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June 2, 1945


JAMA. 1945;128(5):365-366. doi:10.1001/jama.1945.02860220047015

Recent work of American and English investigators has extended our knowledge of the hyaluronic acidhyaluronidase system in several interesting directions of important physiologic, pathologic and therapeutic implications. Hyaluronic acid, previously shown to occur in the vitreous humor, synovial fluid, skin and umbilical cord of various mammals,1 was found also in the lung2 and in tumor tissue of various types.3 Probably hyaluronic acid, free or bound, is a constituent of other cement substances and mucoid matter of mesodermal structures in the body. Its presence may be related to the metachromatic properties of some of these substances, especially such as occur in increasing amounts with progressive age in the walls of large and small arteries. A study of the role of increased capillary permeability to the hyaluronic acid content of capillary structures may yield interesting results.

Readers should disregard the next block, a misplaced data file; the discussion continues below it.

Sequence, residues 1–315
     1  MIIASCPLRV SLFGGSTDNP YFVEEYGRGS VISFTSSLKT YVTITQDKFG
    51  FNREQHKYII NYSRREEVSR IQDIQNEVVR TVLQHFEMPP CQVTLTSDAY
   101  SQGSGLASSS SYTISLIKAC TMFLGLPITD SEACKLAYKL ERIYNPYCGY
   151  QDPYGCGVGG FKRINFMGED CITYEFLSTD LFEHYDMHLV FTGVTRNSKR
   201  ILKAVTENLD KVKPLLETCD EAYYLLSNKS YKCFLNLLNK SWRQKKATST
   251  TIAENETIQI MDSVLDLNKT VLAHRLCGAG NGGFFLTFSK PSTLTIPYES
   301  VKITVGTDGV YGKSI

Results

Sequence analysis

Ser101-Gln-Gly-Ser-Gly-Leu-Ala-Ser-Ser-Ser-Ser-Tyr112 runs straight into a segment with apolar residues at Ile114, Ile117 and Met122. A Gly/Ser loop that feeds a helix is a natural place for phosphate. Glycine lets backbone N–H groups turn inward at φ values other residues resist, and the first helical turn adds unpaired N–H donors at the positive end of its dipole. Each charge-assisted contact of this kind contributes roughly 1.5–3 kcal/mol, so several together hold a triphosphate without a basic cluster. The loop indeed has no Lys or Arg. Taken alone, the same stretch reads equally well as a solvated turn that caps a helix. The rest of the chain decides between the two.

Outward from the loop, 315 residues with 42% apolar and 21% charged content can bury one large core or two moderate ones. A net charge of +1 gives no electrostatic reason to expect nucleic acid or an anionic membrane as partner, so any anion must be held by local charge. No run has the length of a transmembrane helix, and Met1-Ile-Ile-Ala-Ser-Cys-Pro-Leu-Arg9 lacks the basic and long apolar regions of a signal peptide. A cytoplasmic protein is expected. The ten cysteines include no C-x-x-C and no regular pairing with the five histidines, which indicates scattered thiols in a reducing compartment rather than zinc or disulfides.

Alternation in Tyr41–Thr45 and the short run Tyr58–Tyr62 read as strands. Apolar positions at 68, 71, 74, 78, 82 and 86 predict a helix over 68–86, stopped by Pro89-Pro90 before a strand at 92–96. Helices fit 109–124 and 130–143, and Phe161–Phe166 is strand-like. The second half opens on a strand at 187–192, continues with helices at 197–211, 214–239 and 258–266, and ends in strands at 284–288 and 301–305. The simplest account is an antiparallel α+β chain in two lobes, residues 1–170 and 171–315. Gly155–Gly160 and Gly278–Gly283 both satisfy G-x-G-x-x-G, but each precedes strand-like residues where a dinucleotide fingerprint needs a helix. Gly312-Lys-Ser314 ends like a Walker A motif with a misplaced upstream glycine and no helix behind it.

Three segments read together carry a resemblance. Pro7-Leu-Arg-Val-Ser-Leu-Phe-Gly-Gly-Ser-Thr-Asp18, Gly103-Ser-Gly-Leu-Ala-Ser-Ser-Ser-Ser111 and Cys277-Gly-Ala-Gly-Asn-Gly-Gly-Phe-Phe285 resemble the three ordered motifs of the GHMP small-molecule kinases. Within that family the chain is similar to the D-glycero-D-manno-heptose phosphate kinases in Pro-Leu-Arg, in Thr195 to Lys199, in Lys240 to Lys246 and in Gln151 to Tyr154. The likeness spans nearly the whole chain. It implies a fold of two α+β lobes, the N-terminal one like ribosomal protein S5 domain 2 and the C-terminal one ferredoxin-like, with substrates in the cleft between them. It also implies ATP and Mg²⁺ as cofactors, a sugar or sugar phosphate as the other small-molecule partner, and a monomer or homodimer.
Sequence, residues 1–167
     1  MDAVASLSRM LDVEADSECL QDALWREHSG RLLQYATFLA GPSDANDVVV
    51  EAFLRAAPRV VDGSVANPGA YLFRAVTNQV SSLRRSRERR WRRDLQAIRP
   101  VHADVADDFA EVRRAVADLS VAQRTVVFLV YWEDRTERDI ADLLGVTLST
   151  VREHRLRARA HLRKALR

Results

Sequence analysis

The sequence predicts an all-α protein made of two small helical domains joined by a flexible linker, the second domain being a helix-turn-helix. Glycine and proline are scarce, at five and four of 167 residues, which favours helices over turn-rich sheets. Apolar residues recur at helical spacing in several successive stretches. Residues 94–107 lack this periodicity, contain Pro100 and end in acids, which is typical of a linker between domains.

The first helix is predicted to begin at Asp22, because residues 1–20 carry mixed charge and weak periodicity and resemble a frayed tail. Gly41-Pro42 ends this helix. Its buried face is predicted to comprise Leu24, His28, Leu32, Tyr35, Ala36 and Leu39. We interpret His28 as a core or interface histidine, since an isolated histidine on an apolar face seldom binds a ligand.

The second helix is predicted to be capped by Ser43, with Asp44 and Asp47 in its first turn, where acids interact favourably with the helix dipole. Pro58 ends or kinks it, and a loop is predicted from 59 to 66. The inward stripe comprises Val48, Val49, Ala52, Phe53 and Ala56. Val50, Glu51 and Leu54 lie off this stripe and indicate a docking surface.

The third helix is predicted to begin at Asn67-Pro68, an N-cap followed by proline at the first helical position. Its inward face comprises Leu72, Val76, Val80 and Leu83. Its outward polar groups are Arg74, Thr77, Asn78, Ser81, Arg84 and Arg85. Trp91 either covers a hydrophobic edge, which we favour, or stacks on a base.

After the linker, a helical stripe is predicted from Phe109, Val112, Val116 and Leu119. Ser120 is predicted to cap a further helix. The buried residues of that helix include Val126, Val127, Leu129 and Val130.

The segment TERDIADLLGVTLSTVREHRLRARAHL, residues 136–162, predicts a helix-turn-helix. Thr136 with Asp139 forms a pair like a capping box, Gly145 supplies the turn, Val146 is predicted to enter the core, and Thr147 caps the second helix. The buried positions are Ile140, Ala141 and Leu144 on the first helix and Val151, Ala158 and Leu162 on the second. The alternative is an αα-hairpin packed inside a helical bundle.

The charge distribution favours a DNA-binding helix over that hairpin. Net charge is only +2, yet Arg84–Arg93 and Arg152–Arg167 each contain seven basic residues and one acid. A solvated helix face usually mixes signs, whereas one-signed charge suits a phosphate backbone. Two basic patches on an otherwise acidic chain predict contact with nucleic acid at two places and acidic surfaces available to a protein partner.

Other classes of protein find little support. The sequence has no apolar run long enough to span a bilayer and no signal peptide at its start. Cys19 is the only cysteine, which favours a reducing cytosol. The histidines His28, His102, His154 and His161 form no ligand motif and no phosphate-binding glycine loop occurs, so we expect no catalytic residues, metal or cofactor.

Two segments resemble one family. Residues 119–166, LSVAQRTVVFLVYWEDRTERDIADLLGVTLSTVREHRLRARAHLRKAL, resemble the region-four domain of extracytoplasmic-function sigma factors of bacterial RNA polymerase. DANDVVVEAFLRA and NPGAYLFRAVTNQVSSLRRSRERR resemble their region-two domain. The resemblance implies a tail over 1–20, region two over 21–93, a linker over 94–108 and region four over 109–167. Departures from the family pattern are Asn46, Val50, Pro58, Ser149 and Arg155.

Recent experiments of Meyer, Hahnel and Feiner4 have shown that solutions of